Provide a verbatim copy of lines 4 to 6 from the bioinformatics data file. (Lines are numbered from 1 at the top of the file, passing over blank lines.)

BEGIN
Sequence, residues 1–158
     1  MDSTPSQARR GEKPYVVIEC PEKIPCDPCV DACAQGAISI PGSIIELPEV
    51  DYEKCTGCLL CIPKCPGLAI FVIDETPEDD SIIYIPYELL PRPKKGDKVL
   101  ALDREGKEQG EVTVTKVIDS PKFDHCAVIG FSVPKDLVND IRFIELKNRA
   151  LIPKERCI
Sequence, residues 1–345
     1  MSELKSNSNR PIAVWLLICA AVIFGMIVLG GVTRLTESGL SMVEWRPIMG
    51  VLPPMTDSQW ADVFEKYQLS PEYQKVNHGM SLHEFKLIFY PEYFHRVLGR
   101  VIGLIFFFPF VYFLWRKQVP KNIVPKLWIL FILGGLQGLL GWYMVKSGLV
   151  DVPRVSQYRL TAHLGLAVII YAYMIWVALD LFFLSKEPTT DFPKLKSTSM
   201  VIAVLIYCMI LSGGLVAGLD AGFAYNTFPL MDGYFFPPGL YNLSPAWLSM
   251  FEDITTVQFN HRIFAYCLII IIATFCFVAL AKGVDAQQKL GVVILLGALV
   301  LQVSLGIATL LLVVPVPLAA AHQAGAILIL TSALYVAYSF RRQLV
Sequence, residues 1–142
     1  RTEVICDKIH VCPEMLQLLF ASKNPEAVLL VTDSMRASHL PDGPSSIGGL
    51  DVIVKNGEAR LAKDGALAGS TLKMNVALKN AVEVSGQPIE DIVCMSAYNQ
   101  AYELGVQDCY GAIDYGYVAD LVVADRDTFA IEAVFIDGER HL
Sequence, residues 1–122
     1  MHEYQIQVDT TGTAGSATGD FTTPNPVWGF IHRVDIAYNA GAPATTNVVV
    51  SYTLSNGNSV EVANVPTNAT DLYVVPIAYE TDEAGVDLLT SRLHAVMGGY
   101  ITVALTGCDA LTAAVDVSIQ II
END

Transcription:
   101  ALDREGKEQG EVTVTKVIDS PKFDHCAVIG FSVPKDLVND IRFIELKNRA
   151  LIPKERCI
Sequence, residues 1–345